After being welcomed by event organisers Prof. Dr. Bernhard Hörning began to discuss the issue by introducing the legal aspects of horns and dehorning from the point of view of organic farming and animal welfare. He explained the pros and cons of dehorning and described the different dehorning methods. The participants then took a look back at the die history of horned cattle. together with Ulrich Mück, Demeter consultant and coordinator of the research project. The interesting journey into the past showed the evolution of horn-bearing cattle from revered and respected farm animals to seemingly horned “beasts”.
After all the informative theory, the warm lunch was just as welcome as the change of scene to the stable in Brodowin afterwards to experience the dairy herd described by Peter Krentz first-hand in action. To demonstrate the hierarchy and the associated behaviour among the animals, the cows were faced with an unusual challenge: only half of the feed stations were filled with feed. Which cows would be most likely to come out on top and, more importantly, by what means?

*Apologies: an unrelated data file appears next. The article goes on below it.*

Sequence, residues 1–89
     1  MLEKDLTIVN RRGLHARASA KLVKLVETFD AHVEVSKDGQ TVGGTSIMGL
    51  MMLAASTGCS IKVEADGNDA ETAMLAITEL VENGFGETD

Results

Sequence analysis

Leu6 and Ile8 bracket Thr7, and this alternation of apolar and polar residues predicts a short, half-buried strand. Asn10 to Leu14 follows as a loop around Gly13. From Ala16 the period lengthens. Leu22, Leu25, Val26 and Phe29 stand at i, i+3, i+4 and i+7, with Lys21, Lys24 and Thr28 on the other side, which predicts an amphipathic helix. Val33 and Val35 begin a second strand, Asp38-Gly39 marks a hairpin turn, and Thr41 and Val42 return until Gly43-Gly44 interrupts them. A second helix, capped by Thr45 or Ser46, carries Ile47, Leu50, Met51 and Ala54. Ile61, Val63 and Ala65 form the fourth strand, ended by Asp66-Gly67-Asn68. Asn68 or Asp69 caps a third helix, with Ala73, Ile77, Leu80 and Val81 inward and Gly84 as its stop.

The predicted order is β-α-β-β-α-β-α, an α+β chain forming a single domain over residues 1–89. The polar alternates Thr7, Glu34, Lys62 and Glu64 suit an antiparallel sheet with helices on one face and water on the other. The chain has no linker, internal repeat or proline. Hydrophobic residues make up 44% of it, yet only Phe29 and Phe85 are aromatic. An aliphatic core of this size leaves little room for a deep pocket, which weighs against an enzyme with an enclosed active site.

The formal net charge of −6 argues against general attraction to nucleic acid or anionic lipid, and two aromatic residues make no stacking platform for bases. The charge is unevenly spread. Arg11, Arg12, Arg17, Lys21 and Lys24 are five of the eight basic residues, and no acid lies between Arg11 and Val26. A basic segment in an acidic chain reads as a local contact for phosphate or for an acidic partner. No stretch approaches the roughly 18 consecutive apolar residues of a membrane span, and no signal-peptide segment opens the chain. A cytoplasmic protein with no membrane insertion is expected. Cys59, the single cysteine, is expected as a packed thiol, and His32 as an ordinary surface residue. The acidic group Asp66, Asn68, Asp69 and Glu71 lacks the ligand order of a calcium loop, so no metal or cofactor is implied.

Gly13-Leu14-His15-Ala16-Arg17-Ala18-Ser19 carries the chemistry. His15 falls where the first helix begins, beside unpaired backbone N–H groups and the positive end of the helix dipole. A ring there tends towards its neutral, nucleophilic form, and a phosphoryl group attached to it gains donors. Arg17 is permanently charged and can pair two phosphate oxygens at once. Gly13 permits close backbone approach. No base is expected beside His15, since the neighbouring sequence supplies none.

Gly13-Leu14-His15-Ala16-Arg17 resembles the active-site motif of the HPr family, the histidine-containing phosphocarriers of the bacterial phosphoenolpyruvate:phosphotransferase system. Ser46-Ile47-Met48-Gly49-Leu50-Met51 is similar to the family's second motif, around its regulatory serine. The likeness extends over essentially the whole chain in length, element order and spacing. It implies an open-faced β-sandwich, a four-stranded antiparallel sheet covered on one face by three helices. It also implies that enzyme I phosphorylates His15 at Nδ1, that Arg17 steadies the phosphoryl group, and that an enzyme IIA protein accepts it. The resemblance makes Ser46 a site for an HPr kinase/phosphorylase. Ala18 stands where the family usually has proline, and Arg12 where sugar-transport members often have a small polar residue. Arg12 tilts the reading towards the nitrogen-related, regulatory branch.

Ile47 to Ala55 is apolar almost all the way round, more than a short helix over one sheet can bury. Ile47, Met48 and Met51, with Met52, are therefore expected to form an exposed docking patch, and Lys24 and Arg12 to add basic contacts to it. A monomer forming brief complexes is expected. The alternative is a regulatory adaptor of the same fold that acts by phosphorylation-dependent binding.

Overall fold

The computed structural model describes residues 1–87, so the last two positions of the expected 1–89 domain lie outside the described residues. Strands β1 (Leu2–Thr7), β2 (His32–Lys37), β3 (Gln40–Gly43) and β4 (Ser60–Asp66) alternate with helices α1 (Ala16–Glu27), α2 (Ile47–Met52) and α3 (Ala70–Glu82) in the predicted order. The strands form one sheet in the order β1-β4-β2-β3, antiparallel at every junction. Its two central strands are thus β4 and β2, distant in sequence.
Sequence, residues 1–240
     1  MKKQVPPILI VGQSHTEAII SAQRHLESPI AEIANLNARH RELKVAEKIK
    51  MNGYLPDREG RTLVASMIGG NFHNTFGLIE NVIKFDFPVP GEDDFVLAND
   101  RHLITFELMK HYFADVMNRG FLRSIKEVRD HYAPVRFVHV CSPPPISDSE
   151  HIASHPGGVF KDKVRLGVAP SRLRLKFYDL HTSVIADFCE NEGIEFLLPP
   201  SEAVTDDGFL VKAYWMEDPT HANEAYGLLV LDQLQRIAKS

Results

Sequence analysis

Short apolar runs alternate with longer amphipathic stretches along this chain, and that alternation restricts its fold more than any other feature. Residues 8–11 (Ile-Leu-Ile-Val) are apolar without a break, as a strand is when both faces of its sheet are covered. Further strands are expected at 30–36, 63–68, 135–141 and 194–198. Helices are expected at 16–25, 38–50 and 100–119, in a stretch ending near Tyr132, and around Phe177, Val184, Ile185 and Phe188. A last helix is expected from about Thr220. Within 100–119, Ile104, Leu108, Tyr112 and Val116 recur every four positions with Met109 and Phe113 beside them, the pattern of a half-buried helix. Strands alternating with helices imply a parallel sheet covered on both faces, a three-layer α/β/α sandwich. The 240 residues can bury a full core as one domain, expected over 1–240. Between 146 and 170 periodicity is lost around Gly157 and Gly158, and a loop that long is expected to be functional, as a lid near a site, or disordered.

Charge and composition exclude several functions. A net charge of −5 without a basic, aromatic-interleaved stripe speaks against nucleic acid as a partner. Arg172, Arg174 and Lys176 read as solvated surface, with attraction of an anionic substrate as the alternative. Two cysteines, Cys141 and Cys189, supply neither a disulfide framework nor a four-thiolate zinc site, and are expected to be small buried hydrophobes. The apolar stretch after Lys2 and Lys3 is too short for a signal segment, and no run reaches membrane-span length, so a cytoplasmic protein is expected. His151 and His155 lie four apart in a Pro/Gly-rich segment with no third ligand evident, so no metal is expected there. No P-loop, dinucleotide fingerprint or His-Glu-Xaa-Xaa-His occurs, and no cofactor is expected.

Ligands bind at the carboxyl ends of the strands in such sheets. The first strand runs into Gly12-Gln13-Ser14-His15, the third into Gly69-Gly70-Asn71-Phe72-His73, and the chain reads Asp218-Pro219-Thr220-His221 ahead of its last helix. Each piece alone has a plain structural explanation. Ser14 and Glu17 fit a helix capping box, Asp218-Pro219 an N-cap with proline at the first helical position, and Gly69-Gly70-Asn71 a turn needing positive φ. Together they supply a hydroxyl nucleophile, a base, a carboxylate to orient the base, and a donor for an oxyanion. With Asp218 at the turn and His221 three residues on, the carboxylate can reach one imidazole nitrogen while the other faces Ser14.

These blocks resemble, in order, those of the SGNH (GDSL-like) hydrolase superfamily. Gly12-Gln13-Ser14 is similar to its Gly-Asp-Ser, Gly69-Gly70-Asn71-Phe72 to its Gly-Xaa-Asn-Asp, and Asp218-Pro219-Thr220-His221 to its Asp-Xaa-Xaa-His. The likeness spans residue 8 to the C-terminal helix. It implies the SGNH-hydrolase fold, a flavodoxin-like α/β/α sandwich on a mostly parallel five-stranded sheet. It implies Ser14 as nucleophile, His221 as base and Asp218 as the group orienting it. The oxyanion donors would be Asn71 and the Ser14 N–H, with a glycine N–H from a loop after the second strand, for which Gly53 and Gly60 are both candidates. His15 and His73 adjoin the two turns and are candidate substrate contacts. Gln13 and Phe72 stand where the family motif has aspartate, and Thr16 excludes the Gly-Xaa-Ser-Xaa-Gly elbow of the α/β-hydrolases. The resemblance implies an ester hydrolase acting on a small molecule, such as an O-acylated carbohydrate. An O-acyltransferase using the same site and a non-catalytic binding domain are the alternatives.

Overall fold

The onlookers watched the cows with excitement, but Ulrich Mück was almost disappointed as he praised the good social behaviour and the measured reaction of the cows to the scarce resources. The black Holstein-Friesian (HF) from Peter Krentz made a tiptop impression in spite of their reputation (according to Uli Mück the HF in Bavaria are generally thought of as devious). Walking through the resting area, milking parlour and pre-milking area, Mr. Krentz concluded by talking about the main difficulties and success stories of his dairy farm.